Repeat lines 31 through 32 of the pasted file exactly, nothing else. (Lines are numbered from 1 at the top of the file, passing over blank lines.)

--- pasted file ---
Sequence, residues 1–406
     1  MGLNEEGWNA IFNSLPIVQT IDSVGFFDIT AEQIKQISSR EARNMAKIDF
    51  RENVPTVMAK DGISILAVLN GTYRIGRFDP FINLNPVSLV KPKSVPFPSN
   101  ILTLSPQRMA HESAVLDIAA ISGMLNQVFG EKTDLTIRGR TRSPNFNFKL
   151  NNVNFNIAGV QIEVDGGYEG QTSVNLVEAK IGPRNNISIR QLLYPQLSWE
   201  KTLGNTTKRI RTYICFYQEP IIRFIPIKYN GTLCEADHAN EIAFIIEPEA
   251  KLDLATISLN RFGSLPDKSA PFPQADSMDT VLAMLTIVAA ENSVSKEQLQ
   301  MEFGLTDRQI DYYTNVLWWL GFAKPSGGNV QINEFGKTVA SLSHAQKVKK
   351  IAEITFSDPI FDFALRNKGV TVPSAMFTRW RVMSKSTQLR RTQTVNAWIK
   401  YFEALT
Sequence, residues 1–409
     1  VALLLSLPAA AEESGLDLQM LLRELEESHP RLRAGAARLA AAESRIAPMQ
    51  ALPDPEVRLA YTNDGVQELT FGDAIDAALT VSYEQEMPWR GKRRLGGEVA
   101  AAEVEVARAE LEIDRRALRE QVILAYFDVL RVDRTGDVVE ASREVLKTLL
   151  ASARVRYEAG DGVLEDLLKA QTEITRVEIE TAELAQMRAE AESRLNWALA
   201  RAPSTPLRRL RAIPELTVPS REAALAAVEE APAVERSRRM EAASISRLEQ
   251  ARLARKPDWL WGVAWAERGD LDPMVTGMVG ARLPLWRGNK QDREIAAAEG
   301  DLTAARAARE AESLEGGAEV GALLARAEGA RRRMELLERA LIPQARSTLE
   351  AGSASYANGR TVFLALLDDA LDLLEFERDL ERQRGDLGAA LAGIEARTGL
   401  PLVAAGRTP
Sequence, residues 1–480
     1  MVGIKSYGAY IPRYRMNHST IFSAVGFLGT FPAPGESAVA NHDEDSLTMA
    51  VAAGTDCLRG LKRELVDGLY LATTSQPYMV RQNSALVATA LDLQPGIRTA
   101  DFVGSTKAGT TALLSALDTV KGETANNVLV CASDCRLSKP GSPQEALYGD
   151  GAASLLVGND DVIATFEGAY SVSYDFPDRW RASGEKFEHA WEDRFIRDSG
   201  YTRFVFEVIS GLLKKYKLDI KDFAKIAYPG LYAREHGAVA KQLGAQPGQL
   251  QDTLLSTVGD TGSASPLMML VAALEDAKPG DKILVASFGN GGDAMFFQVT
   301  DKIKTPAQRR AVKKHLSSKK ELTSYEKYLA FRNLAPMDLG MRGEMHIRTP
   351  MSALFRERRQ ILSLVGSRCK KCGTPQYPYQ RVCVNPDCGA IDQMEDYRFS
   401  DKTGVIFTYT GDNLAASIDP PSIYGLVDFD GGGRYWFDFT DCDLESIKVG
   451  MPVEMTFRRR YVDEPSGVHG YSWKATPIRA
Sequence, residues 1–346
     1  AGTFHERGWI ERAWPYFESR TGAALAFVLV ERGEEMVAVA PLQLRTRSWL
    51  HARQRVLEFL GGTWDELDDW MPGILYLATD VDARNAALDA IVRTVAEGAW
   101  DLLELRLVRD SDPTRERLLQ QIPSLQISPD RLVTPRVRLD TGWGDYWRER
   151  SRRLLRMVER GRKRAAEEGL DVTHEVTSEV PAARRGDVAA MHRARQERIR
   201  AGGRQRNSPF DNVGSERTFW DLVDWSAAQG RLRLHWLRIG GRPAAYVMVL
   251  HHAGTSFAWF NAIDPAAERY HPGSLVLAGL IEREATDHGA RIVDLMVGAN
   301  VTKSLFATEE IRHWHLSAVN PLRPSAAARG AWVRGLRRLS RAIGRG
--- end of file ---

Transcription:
   451  MPVEMTFRRR YVDEPSGVHG YSWKATPIRA
Sequence, residues 1–346